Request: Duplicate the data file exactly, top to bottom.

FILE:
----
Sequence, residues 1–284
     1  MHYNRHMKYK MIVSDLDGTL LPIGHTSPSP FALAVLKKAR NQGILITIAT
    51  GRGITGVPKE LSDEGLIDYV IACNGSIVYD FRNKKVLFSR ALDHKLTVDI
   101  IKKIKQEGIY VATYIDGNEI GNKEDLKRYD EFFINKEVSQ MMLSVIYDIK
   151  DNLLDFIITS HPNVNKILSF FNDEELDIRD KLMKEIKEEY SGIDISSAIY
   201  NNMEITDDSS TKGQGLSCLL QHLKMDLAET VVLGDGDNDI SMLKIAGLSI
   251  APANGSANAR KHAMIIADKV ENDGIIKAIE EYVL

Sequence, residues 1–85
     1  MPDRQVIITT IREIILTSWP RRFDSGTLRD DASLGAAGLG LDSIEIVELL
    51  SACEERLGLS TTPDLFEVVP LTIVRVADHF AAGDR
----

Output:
Sequence, residues 1–284
     1  MHYNRHMKYK MIVSDLDGTL LPIGHTSPSP FALAVLKKAR NQGILITIAT
    51  GRGITGVPKE LSDEGLIDYV IACNGSIVYD FRNKKVLFSR ALDHKLTVDI
   101  IKKIKQEGIY VATYIDGNEI GNKEDLKRYD EFFINKEVSQ MMLSVIYDIK
   151  DNLLDFIITS HPNVNKILSF FNDEELDIRD KLMKEIKEEY SGIDISSAIY
   201  NNMEITDDSS TKGQGLSCLL QHLKMDLAET VVLGDGDNDI SMLKIAGLSI
   251  APANGSANAR KHAMIIADKV ENDGIIKAIE EYVL

Sequence, residues 1–85
     1  MPDRQVIITT IREIILTSWP RRFDSGTLRD DASLGAAGLG LDSIEIVELL
    51  SACEERLGLS TTPDLFEVVP LTIVRVADHF AAGDR